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Darwin Correspondence Project

From Anthony Rich   7 December 1878

Chappell Croft | Heene, Worthing—

Decr. 7. 1878

Dear Sir,

Under an impression that this note—as being written in a hand unknown to you and signed by an equally unknown name—might be consigned to the wastepaper basket before it has been read—I may assure you at once that it is not a circular, a begging letter, an appeal for testimonials, &c &c &c but a simple matter of business in which you are yourself concerned. And this it is. The recent death of my brother, and of a nephew, the last of three children of an only sister, has left myself and her the sole survivors of our family; and to myself the ownership of some real property not altogether inconsiderable in value.1 I have bequeathed the reversion of this to you;2 because I consider that you, more than any man now living, have extended the boundaries of human knowledge, by surpassing genius, long years of persistent labour, unendowed, and in a worldly sense unremunerative; and because it affords me an opportunity of giving effect to a sentiment which I have long entertained and frequently expressed, that under circumstances like my own the first to be remembered should be those whose abilities and exertions have been devoted bravely and boldly and persistently for the benefit of all mankind instead of their own immediate advantage.

I have thought it best to break through ceremony, and address you directly and at once, rather than leave my intentions to come out as a surprise after my decease, for reasons which are obvious when one has to deal with real estate. And if you will oblige me wi1th a line to let me know that these lines have come into your hands and been read by yourself, I will in return make you acquainted with the nature and value of the property, and all the details which it will be advisable for you to know.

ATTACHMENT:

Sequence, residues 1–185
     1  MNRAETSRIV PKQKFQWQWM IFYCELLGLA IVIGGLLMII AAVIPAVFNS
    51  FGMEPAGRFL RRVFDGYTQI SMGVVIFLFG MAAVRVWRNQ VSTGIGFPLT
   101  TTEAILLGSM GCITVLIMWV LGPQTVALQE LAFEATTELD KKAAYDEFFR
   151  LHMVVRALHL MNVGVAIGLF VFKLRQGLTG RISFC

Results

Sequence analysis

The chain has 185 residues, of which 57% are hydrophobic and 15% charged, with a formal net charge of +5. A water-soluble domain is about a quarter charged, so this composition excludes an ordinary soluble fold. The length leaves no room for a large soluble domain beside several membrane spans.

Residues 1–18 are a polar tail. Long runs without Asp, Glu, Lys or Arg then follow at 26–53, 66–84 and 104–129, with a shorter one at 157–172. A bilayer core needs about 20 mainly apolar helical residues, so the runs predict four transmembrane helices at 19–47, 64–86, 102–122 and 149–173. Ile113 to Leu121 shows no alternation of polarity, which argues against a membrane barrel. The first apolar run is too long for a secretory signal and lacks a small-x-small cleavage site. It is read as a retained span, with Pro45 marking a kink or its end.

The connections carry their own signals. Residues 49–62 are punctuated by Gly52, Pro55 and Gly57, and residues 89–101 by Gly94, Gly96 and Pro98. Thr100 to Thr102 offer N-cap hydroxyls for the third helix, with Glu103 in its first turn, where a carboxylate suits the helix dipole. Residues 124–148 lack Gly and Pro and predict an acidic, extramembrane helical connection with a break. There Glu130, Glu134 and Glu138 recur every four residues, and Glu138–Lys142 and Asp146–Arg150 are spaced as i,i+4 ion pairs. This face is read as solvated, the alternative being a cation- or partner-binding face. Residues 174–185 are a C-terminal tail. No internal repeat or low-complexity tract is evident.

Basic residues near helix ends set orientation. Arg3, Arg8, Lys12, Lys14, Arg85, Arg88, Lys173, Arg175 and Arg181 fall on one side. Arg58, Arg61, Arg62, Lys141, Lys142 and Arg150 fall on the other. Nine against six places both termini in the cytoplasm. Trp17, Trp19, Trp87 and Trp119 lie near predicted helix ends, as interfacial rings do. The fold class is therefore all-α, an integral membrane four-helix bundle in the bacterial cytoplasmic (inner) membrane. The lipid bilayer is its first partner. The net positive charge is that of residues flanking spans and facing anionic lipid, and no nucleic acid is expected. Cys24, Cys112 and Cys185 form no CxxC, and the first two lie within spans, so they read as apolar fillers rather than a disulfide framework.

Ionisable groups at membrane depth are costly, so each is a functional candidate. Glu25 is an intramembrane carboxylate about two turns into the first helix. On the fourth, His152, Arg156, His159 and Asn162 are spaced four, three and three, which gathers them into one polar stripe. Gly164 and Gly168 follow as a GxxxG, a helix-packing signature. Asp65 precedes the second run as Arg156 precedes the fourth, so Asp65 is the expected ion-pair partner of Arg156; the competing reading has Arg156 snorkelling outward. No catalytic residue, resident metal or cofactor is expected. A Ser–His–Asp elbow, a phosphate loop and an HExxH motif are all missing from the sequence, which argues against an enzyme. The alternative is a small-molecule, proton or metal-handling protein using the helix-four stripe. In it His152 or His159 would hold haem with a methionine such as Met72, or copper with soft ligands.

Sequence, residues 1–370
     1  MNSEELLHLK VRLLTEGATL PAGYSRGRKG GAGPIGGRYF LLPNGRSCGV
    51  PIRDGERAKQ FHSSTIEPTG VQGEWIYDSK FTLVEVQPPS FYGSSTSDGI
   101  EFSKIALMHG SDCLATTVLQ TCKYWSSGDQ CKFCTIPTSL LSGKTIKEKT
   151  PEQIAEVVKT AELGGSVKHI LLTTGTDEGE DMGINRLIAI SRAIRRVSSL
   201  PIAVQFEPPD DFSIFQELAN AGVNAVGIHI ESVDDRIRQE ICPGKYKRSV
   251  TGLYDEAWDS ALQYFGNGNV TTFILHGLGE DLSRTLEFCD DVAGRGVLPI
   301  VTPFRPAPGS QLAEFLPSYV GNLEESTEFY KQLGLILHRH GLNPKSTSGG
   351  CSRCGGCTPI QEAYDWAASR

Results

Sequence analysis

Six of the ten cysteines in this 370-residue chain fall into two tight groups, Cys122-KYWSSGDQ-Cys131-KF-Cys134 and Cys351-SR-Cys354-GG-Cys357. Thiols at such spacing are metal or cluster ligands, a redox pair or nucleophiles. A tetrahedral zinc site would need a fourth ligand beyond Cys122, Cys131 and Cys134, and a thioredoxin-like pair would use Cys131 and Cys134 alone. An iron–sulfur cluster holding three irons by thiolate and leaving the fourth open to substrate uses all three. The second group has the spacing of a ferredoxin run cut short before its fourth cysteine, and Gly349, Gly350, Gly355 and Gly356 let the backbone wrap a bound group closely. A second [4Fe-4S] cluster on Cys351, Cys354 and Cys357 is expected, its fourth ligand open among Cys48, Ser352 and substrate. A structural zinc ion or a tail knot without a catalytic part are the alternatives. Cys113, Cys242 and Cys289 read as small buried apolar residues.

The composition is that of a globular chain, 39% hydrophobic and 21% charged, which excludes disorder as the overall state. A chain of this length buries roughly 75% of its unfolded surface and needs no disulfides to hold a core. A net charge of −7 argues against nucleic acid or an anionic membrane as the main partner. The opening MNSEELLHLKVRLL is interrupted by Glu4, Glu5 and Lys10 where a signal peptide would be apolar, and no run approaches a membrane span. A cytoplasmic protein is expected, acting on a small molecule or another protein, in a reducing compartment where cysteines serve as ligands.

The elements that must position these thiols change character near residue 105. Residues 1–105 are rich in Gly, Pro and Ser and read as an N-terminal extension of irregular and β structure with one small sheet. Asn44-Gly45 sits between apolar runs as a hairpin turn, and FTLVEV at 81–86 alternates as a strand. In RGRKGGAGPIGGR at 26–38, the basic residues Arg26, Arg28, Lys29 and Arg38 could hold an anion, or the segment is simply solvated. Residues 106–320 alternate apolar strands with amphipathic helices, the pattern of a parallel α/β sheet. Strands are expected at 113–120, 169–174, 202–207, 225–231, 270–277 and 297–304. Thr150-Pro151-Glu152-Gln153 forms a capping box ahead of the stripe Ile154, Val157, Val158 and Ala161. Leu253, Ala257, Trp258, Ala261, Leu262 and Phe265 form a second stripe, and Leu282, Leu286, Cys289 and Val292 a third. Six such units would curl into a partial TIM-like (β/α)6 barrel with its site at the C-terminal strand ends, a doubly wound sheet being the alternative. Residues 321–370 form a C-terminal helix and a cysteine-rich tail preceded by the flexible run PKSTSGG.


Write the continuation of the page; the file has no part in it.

I am, dear Sir | Your obliged & obedt. Servt. | Anthony Rich

Charles Darwin Esqre | &c &c &c

Footnotes

Rich’s brother Francis Henry Rich had died in the summer of 1878, and his nephew William Edward Burnaby had died in 1876. Burnaby’s mother, Rich’s sister Emma Burnaby, had given birth to two other children, both of whom had died in infancy.
A reversion is an estate granted to one party and subsequently granted in turn or transferable to another, especially upon the death of the original grantee; the right of succeeding to, or next occupying, such an estate (OED).

Bibliography

OED: The Oxford English dictionary. Being a corrected re-issue with an introduction, supplement and bibliography of a new English dictionary. Edited by James A. H. Murray, et al. 12 vols. and supplement. Oxford: Clarendon Press. 1970. A supplement to the Oxford English dictionary. 4 vols. Edited by R. W. Burchfield. Oxford: Clarendon Press. 1972–86. The Oxford English dictionary. 2d edition. 20 vols. Prepared by J. A. Simpson and E. S. C. Weiner. Oxford: Clarendon Press. 1989. Oxford English dictionary additional series. 3 vols. Edited by John Simpson et al. Oxford: Clarendon Press. 1993–7.

Summary

Informs CD of his intention to bequeath his property to him.

Letter details

Letter no.
DCP-LETT-11778
From
Anthony Rich
To
Charles Robert Darwin
Sent from
Heene
Source of text
DAR 210.12: 1
Physical description
ALS 3pp

Please cite as

Darwin Correspondence Project, “Letter no. 11778,” accessed on 25 July 2024, https://www.darwinproject.ac.uk/letter/?docId=letters/DCP-LETT-11778.xml

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